Buddhism

When You Stop Meditating Consistently...

zazen_and_nature_by_aik_art-d3i4beg.jpg

There is an old Zen saying: You should sit in meditation for 20 minutes a day unless you’re too busy. Then you should sit for an hour. That saying always resonated with me because it speaks to the importance of meditation not only for relieving anxiety and being productive but for seeing the true nature of your mind and reality.  

But I haven't been meditating consistently. I could give you a lot of excuses or reasons. There has been lots of travel and change in my life recently for instance. Those are perfectly valid reasons... 

The odd thing about not meditating consistently is that you stop remembering what you are missing. Your mind turns into slush like most people's. Your attention span is much shorter. Your emotions pop around like a pinball. You're more susceptible to mood swings or giving into unproductive habits. But the thing is you're mostly unaware that you're doing it. 

And that is the real benefit of meditation: awareness. Awareness of your smallest movements or your breath. Awareness of what spikes your anxiety or what your temptations are. Awareness is key. Without awareness, we can become mindless, following our every urge or instinct with reflection. Without awareness, we can easily become the worst versions of ourselves. And it is that thought that always gets me to put meditation back on the calendar every morning even if I don't always do it. 

In Praise of Pantheism

In Praise of Pantheism

“I have repeatedly said that in my opinion the idea of a personal God is a childlike one, but I do not share the crusading spirit of the professional atheist whose fervor is mostly due to a painful act of liberation from the fetters of religious indoctrination received in youth. I prefer an attitude of humility corresponding to the weakness of our intellectual understanding of nature and of our own being.”- Albert Einstein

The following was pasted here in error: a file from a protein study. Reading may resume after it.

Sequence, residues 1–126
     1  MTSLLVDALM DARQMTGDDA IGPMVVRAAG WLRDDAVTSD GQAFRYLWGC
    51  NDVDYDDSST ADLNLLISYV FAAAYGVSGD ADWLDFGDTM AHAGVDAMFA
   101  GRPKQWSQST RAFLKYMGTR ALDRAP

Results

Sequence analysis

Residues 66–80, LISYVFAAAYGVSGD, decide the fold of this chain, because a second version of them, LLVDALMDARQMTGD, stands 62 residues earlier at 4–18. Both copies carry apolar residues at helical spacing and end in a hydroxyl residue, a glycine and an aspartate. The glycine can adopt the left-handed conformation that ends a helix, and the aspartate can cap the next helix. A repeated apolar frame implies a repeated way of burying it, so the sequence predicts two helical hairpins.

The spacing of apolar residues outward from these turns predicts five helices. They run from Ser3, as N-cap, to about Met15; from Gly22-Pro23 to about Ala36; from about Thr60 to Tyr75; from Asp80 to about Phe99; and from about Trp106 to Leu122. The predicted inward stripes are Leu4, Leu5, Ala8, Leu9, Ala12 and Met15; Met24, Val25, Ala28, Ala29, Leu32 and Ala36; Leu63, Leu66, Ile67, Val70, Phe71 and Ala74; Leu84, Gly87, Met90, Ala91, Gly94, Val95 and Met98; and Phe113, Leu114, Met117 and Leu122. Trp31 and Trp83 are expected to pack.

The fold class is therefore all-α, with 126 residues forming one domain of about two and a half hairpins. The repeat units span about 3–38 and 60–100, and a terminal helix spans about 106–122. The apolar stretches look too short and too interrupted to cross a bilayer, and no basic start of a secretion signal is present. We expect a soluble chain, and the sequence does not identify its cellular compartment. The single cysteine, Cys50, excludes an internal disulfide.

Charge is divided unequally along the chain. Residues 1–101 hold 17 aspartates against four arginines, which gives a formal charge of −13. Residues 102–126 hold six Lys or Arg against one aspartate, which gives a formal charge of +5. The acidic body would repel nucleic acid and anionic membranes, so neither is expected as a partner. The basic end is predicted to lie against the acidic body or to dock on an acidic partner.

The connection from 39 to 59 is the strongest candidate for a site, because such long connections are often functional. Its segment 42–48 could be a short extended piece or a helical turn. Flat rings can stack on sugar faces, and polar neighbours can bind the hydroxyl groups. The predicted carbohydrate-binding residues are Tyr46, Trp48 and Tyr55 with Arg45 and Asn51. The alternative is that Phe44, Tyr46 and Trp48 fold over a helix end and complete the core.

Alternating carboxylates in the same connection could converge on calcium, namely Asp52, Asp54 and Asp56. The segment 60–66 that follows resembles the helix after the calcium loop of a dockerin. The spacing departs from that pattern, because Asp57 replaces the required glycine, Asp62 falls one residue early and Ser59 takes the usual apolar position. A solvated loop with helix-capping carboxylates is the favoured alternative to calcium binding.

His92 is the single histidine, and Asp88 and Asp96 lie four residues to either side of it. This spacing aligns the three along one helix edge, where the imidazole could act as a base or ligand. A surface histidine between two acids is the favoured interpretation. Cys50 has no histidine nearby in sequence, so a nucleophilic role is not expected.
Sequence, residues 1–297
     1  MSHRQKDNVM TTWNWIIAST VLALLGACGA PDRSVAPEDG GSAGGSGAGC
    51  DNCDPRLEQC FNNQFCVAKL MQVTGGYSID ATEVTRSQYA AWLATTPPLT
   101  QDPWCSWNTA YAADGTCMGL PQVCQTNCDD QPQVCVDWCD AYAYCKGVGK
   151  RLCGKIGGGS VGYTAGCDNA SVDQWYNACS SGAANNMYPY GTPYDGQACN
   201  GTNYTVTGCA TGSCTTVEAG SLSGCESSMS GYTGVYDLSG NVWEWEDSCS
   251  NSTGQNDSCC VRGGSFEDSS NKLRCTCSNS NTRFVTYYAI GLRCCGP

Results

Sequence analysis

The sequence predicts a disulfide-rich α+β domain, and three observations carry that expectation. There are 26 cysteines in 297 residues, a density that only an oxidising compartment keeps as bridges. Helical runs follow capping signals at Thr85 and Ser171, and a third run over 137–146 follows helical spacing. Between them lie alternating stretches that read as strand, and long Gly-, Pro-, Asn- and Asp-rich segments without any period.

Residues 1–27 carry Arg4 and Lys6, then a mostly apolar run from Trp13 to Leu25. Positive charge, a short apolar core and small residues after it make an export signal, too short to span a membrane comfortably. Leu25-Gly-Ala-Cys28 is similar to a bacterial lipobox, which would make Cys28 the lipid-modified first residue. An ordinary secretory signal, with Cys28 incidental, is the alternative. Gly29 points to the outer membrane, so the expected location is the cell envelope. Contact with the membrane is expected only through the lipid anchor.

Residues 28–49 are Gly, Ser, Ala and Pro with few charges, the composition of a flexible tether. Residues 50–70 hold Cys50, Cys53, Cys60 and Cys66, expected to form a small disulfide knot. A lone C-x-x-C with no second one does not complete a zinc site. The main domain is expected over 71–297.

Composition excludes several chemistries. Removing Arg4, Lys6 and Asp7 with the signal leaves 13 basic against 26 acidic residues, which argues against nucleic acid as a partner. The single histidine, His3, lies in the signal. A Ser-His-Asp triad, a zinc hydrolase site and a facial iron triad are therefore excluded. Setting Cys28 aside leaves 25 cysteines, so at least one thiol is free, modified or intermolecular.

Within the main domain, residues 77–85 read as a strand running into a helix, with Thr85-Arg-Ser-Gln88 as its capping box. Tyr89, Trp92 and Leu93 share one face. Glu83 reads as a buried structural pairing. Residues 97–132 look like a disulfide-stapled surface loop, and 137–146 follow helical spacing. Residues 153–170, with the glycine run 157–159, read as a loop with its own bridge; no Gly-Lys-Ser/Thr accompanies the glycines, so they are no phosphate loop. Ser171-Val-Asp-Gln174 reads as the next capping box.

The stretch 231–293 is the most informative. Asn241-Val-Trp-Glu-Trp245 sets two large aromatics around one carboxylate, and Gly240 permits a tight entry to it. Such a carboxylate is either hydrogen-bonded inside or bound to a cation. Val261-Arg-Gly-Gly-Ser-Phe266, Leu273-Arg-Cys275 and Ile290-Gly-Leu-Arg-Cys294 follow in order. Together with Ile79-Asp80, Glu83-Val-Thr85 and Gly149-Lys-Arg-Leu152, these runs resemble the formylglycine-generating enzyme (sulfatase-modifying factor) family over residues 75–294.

Just a quick blog post before I get back to real work...

I've been mulling over my religious views more lately as I've contemplated what a spiritual life looks like. Despite admiring some of its thought, I've found atheism or agnosticism lacking as a worldview, but the monotheistic ideas of a personal God are far worse and repellent to me at least as it can often promote the worst in human nature (i.e. see all of human history from the crusades to 9/11). 

I've found myself drawn to Buddhism as an adult because there are no creator gods. The goal is to end suffering. There are no strict dogmas, but useful list of guidelines to get there known as the four noble truths and the eightfold path. 

Deepak Chopra Is Selling $350 Meditation Glasses. Deepak Chopra Is A Fraud

Deepak Chopra Is Selling $350 Meditation Glasses. Deepak Chopra Is A Fraud

I've always had an uneasy relationship with commerce and spirituality. (I even feel weird putting ads on this website, even though it's really just to try and pay for the costs of hosting this website). But I do think there is much value in mindfulness meditation and the spread of meditation centers and apps; these things probably help many in our age of anxiety and late capitalism. 

But when I see an article about  "Luxury Meditation Class" in the Flatiron District, or how everyone in Google meditates to essentially be more productive,  my first reaction is to throw up a little in my mouth and then get angry. (From that article, "Johanna Sistek, a trademark lawyer, says the emotional skills she refined in the class help her focus on her many tasks, despite a fire hose of professional demands. Like most of her colleagues, she still faces “instant deadlines” but says they no longer freak her out." This might be the worst thing I've ever read). 

Why does this upset me so? Well, Buddhism is first and foremost about ending suffering. Not just your own suffering but the suffering of all sentient beings. And a Buddhist accomplishes this by following the Eightfold Path.  Meditation is a part of the Eightfold Path, but it is only a small part of it. So much of the Eightfold Path is about morality, including Right Livelihood, which tells us that we cannot choose careers that exploit, and Right Action, which tells we must abstain from killing, sexual misconduct and creating suffering in other people directly. 

And meditating to become productive or lessen your anxiety has so little to do with any morality or ending suffering. It's about lessening your anxiety so you can continue to be productive and a good consumer. An $18 dollar meditation class or Google's meditation centers does little to address any real morality or change in the world. In fact, it's just the opposite: It just reinforces neoliberalism through and through. 

Want to Stay Married? Embrace Change

Want to Stay Married? Embrace Change

This morning I was rereading a wonderful New York Times piece from April called, "To Stay Married, Embrace Change." As a Buddhist, It's a particularly resonate read for me. It reminds me of something Roshi Shunryu Suzuki said when asked to reduce Buddhism down to one phrase, 

"Everything Changes."

As the article points out, to have a successful marriage, we need to realize that we will change but so will our partner.